Tuesday, August 23, 2011

The Hogtown Vegan

A while ago I got to check out Hot Beans, which is a burrito place down in Kensington Market. I was really impressed with the food and the painfully huge proportions. Those floury and dense burritos scored major points for their originality as well as their size. They are also a vegan joint, just like the recently opened Hogtown Vegan which has the same owners but lives in a completely different neighborhood (you can find it at 834 Bloor West). With fond memories of the good nosh at Hot Beans, I spent some time in the west end to try out the new restaurant, and see what the daring vegan chefs are up to. I will confess I was relieved that the portions were more manageable!

For once I took made the extra effort to sample this restaurant in two trips, really wanting to get a good feel for what they have to offer. The first time I went with the lovely Sabrina Scott, a fellow illustrator and entrepreneur- and a vegan, so I could get a proper perspective of how The Hogtown Vegan measures for someone who lives on the diet. It was pretty good to talk shop over cold ice tea, and hot lunch!

In case you've been sleeping in a cave this last year, Toronto is experiencing a comfort food revival. Since many of the vegetarian and vegan restaurants in the city follow a stance that puts healthy food hand-in-hand with their elected restriction on ingredients, so the movement hasn't been reflected by card holders of the Toronto Vegetarian Association. While every cafe and restaurant with an ear to trends started boiling up batches of macaroni sauced in bechamel, baked in cheddar, drenched in Mornay, vegetarian restaurants have kept to their soba noodles (a stereotype as unfortunate as it is true). And along came The Hogtown Vegan.... their slogan even boasts 'Vegan Comfort Food in the Heart of Downtown!'. For Sabrina, it was a treat... Mac 'n' cheese? Oh yes. I've never given faux-cheese much of a chance. When I make vegan dishes at home, I just make food that doesn't need those ingredients, so I'm not making substitutions. I found the sauce on this mac and cheese a little on the wet side, but it still clung to the noodles valiantly. The taste was salty and a bit floury. Even though it did taste like cheese, it was a very mild taste, and the noodles reigned supreme in the dish. I know there was no butter used to make the pasta, but wow, the flavour reminded me of butter! What's nice about this mac is that even though it hits that lovely comfort food carb craving, it isn't as bloating as real-cheese mac. Pretty good!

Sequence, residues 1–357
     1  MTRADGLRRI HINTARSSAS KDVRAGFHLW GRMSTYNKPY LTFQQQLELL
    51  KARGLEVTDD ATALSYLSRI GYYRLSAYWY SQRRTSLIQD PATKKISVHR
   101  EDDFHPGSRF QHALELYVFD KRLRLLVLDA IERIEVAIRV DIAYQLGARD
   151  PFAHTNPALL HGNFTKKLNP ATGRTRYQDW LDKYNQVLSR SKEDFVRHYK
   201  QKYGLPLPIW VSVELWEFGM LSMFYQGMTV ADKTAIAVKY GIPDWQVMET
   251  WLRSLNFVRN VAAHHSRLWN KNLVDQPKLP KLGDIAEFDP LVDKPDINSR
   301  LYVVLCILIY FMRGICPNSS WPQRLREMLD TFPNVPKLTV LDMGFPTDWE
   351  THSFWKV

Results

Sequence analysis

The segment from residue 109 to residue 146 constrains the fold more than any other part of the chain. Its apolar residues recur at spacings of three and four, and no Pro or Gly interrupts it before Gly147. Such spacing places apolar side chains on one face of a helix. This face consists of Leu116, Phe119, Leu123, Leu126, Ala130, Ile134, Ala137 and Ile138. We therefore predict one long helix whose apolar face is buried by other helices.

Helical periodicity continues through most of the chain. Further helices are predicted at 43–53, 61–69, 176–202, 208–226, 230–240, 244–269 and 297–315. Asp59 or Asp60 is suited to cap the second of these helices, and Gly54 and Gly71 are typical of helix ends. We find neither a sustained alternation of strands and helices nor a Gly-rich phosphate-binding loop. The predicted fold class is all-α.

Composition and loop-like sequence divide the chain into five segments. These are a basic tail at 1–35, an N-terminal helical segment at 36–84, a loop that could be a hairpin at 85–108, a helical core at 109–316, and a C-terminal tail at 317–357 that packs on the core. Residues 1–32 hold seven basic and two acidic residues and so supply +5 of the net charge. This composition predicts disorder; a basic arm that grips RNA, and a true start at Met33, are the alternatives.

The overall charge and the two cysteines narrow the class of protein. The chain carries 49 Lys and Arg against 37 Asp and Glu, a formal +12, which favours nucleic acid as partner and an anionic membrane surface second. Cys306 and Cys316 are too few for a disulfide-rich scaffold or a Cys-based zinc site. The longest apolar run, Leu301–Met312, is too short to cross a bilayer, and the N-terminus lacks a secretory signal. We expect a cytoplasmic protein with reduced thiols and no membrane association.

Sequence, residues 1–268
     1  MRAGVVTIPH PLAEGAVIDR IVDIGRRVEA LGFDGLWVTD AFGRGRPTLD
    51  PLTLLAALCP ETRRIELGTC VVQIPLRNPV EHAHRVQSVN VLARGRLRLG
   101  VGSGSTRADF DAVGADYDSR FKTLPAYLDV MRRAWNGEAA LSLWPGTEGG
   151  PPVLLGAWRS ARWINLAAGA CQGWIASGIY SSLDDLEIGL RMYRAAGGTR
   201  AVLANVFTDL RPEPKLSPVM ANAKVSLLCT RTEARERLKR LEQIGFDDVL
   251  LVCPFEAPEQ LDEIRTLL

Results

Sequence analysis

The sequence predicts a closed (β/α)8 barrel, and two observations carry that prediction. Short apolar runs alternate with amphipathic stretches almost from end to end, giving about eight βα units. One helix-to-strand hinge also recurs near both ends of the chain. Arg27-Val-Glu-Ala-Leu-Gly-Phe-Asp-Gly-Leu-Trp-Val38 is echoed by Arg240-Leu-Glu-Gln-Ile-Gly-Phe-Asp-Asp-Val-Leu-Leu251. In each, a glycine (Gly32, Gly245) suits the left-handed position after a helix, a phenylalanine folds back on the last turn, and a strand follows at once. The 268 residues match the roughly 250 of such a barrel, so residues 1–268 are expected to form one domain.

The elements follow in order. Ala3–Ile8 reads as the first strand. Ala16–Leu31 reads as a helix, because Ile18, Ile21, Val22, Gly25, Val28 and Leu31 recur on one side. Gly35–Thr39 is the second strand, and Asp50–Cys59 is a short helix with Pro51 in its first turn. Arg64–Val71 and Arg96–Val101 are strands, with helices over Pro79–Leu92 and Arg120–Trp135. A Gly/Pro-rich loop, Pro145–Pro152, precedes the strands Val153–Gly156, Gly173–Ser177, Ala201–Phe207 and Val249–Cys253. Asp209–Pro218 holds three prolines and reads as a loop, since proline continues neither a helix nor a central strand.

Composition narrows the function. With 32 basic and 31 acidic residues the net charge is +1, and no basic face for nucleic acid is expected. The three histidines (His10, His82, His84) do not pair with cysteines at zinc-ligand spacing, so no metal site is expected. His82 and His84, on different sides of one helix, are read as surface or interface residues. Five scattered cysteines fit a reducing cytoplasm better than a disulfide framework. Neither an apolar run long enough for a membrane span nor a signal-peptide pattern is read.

On this first visit, I saw one thing on the menu and HAD to order it. It was after reading a recipe from le sauce that I became a bit obsessed with trying the wonder of pulled jackfruit. I haven't had time to try the recipe at home...and Hogtown Vegan has a version of jackfruit pulled pork! And...they were sold out, two hours after opening! Sadness filled me! Fortunately so did this chick pea salad sandwich, once I chose it to plug my saddened stomach. Sad no longer! There was so much from texture to taste that reminded me of a creamy summer potato salad, I momentarily wondered what I was eating. With tiny flecks of dill pickle, and fresh dashes of the same herb, the naturally creamy-when-creamed texture of the chick peas went a long way to completely what I'm sure was an unintentional illusion. Under a bed of a sprouts was a hint of mustard. The sunflower bread was very intriguing! It was like two robust, orange coloured pancakes instead of sliced bread, and I really enjoyed the novelty of the texture.
All sandwiches come with a choice of fries, collard greens or salad, but I really wanted to split. That costs an extra 2$, but for once I found the surcharge worth it. There was so much good food. Both the oily squigle fries with their crispy ends and the smooth, garlicky collards were super satisfying.